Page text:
We briefly explain why the power and type I error have skewed distributions over the random realizations of the HC data. Taking the one-sample approach (n1) for example, for a particular HC data Y(k), it can be shown that the conditional type I error is

equation M37

In the parentheses, z1−α is usually the dominant term and shifts the probability computation to the tail area of the normal distribution. As a result, although the sample mean (equation M38) is symmetric around the true mean (θ0), the impact of the sample mean being greater or smaller than the true mean is different. For equation M39, the conditional type I errors have a range of (0, α), which is narrow under commonly specified significance levels. On the other hand, for equation M40, the conditional type I errors have a much wider range, (α, 1). In summary, it is because researchers usually set power and significance level in the tail area (i.e., α close to 0 and 1 − β close to 1) that the random power and type I error are skewly distributed.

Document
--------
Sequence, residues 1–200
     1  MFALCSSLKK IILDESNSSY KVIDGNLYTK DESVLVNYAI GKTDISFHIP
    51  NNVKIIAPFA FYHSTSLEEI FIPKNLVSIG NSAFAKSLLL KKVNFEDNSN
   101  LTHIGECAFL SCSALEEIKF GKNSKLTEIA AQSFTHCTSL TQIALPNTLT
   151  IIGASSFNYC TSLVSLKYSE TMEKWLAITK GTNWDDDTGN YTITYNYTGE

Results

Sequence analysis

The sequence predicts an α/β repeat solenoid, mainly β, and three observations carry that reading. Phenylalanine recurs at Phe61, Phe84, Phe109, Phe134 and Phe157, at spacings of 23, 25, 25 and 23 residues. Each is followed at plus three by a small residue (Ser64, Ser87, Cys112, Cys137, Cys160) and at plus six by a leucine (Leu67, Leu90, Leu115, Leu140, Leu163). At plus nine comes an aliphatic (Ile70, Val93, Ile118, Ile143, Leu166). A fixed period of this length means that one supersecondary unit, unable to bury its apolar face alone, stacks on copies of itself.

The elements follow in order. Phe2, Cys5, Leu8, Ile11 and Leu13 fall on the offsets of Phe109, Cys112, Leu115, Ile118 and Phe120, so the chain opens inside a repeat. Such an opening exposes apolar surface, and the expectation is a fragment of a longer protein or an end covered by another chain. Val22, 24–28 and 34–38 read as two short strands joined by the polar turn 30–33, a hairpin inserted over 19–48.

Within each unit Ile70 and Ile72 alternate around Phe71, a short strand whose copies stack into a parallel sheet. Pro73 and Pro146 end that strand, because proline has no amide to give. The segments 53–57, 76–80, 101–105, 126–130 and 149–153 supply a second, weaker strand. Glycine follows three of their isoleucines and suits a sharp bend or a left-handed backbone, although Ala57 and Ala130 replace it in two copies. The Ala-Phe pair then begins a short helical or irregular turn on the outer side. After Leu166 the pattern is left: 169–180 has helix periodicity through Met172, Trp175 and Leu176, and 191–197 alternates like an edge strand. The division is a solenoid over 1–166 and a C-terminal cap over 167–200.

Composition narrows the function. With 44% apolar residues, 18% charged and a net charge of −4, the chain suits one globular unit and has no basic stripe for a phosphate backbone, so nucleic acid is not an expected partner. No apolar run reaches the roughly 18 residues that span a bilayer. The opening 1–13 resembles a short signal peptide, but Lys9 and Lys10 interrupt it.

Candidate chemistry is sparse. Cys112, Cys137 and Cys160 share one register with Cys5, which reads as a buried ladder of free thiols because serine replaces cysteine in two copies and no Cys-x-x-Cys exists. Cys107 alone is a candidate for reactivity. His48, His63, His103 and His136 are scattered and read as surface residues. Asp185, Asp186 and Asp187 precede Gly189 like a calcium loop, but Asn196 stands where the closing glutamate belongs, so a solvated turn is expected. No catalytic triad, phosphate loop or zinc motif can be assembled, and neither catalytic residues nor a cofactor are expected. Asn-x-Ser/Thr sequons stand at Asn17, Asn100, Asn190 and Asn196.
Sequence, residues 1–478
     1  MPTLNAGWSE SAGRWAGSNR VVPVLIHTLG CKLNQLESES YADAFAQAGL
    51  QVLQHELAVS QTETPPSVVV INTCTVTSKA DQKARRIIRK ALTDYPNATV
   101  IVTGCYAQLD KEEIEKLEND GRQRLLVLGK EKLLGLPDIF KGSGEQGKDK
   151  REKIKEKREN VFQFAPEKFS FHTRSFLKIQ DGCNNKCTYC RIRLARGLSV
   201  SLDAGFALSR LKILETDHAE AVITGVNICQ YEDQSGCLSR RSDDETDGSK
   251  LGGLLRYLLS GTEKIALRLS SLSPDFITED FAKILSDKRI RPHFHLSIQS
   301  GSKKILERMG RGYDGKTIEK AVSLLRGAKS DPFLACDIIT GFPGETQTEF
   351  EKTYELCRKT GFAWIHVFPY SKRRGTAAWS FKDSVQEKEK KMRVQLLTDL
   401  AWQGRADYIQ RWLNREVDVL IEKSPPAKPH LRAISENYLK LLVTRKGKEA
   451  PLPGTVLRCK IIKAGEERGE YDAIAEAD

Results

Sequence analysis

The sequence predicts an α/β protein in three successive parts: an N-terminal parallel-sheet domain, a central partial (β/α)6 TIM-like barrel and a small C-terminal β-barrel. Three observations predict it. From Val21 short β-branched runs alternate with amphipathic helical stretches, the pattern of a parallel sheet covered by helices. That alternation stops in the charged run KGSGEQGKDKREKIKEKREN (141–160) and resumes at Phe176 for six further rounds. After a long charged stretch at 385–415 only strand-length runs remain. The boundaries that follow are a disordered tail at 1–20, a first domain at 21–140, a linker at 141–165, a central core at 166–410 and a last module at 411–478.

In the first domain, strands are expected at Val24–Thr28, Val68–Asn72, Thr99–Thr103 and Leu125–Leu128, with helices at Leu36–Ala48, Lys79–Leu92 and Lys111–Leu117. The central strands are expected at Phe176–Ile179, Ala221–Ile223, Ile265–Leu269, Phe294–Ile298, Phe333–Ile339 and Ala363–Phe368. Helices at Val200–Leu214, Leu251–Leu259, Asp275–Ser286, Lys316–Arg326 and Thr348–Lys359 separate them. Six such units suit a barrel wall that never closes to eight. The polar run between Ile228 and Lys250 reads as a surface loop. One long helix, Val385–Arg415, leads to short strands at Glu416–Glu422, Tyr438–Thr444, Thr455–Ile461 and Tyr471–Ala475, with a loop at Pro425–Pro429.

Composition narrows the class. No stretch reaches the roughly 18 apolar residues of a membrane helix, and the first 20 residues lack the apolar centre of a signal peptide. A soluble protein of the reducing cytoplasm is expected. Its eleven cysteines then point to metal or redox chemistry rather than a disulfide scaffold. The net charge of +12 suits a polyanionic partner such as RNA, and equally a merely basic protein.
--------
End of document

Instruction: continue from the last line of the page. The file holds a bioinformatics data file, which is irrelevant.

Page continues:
Finally, Table 1 provides empirical evidence for the theory presented in Theorem 2, which states a unified framework for nv (v = 0, 1, 2).

Theorem 2. The sample sizes (n0, n1, n2) control the random power and type I error in such a way that

  1. The M-S approach (n0) controls the mean of type I error at α and the median of power at 1 − β;
  2. The one-sample approach (n1) controls the medians of type I error and power at α and 1 − β, respectively;
  3. The RCT approach (n2) controls the means of type I error and power at α and 1 − β, respectively.

Proof. See Appendix A.3.

Theorem 2 suggests that the M-S approach tries to reach a compromise between the one-sample and RCT approaches by controlling the mean type I error at α, while the median power at 1 − β.

3 Sample Size Controlling the Percentiles

Simulation 1 shows that the distributions of power and type I error, observed over all the random realizations of HC data, are extremely skewed. For random variables with extremely skewed distributions, making decisions based on a location parameter such as a percentile is usually more desirable than based on the mean. We propose a sample size formula to control arbitrary percentiles of the random power and type I error. It provides a more sensible way to assess the risk in HCTs.